One of the most obvious (and impressive) things about The Demon’s Rook is its outstanding production design and practical effects. The film has an amazing atmosphere: with its thick, rolling fog and hard red, green and blue lighting, there are times when Sizemore’s micro-epic recalls nothing so much as the glory days of Dario Argento’s eye-popping oeuvre: the cave, in particular, is a really great, simple setpiece and a perfect example of how “less” can always be “more,” in the right hands.
Like the direct-to-video treasures that it so lustily emulates, The Demon’s Rook is a veritable orgy of disembowelments, exploding heads, severed limbs and over-the-top carnage. The kicker here, of course, is that not only are the effects all practical, they’re all absolutely astounding: from the makeup to the costuming to the gore effects, The Demon’s Rook actually looks better than most “professional” films. There’s a sense of physicality, here, that can only be achieved through latex, fake blood and boundless imagination. It says a lot when the worst thing that I can say about the effects is that the Manbeast ends up looking like a super-expensive, high-end Halloween mask: if that’s the biggest effects issue, I’d say they knocked the whole thing out of the park.
The stellar effects go hand-in-hand with the film’s constant sense of invention and imagination: like the best, gonzo ’80s films, there’s very much the sense that just about anything could be lurking around the corner. The film’s mythology is original (I, for one, cannot reiterate how unbelievably refreshing that is in this cookie-cutter era of remakes and re-imaginings) and there’s always the sense of larger-scale world-building going on in the background. While there’s plenty of room for interpretation and further explanation (I won’t pretend that the entire film made complete sense, only that it made “sense enough,” in a Lucio Fulci kind of way), Sizemore never gets so bogged down in the details that it prevents the action from rocketing forward at a nicely frenzied pace. If the “Dark Womb” and its demonic inhabitants are going to be Sizemore’s signature fantasia, I can’t wait to see how the world expands and develops.
As should be fairly obvious from the above, I’m a huge fan of The Demon’s Rook: whether it’s the genuinely terrifying red demon (talk about a perfect synthesis of design, function and performer), the ridiculous “I’m gonna marry Barbara!” jig, the Troma-approved barnstravaganza (complete with bemasked nude dancers, apple-bobbing, moonshine and metal detectors that look like weedwackers) or any of the endlessly inventive gore scenes (talk about lighting up the “Italo-horror” portion of my little, reptilian brain), there’s a whole lot to love here.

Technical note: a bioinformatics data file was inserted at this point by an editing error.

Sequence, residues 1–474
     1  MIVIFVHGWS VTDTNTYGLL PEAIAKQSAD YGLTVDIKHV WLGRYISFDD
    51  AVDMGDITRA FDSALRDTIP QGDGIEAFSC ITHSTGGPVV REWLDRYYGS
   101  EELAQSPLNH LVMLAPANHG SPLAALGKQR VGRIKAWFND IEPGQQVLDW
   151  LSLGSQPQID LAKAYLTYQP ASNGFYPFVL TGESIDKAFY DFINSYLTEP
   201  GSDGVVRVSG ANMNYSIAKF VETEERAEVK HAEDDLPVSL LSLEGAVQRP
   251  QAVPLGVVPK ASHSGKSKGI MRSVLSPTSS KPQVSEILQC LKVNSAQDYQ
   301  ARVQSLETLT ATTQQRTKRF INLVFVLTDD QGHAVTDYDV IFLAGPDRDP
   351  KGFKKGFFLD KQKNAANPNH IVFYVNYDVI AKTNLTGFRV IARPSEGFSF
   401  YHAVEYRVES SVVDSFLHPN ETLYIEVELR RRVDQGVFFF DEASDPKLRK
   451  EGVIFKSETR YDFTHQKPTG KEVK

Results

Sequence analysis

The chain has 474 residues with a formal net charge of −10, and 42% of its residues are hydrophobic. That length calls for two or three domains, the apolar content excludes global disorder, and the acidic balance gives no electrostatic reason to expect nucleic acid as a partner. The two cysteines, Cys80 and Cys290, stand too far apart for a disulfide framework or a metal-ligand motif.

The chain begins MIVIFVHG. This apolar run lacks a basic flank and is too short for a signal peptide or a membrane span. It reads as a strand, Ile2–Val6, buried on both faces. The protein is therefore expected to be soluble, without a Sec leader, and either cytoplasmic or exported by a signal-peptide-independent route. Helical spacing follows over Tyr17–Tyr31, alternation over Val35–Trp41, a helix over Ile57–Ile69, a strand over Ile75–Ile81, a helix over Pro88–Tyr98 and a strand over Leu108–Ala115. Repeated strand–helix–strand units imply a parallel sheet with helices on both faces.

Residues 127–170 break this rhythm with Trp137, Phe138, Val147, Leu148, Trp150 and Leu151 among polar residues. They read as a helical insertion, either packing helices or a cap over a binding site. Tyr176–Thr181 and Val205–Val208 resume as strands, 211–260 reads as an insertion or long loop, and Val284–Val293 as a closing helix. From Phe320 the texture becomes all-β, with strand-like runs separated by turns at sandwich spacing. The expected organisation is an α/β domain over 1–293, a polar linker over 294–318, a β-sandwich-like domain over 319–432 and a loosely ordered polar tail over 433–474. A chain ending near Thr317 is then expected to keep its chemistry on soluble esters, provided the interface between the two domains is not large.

This isn’t, of course, to infer that The Demon’s Rook is a perfect film: it falls victim to many of the same issues that plague most micro-budget indies, although none of these prove to be critical injuries. The acting, with the exception of the Sizemores, is universally rough and ranges from non-acting (in every sense of the term) to passable understatement. The pacing can be uneven, especially in the film’s first half, and there’s plenty of “dead air,” so to speak: at nearly two hours, there’s no question that The Demon’s Rook could be tightened up.
The most critical issue ends up being the sound mix, which is so lopsided as to be constantly noticeable. Even with the volume cranked up to the max, I found myself missing dialogue, while the ensuing score/sound effects would end up shaking the walls. This becomes doubly frustrating given that the film isn’t exactly dialogue-lite: I have a feeling that some of my confusion might have been allayed if I were only able to hear what people were saying. To be honest, the sound mix is so bad that, in a lesser film, it would have turned me off almost immediately. It’s to the film and filmmakers’ immense credit that I ended up gritting my teeth and just baring through it: I’m certainly glad that I did but I wonder how many others might not be as willing to meet the film halfway.
Ultimately, despite a few shortcomings and the same growing pains that any like-minded filmmakers might experience (neither Raimi nor Peter Jackson sprung fully formed from the air, like Athena out of Zeus’ cranium), it’s quite obvious that The Demon’s Rook is something special. James Sizemore, Ashleigh Jo Sizemore (like James, she has her hand in everything from creating the demons’ unique language to working with the production design and effects) and the rest of the ultra-talented crew have an unabashed love for not only fantastic-horror but indie films, in general. In many ways, The Demon’s Rook reminds me of Equinox (1970), the ridiculously cool low-budget creature flick that would go on to influence Raimi’s iconic The Evil Dead (1981). If there’s any justice in the world, The Demon’s Rook will go on to inspire a whole new generation of horror filmmakers in the same way that The Evil Dead once did.
If I were you, I’d keep a close eye on Sizemore and his happy crew: in an increasingly homogenized era, this breath of fresh air isn’t only appreciated, it’s damn near necessary. If it’s good enough for Dimwos, you better believe it’s good enough for me.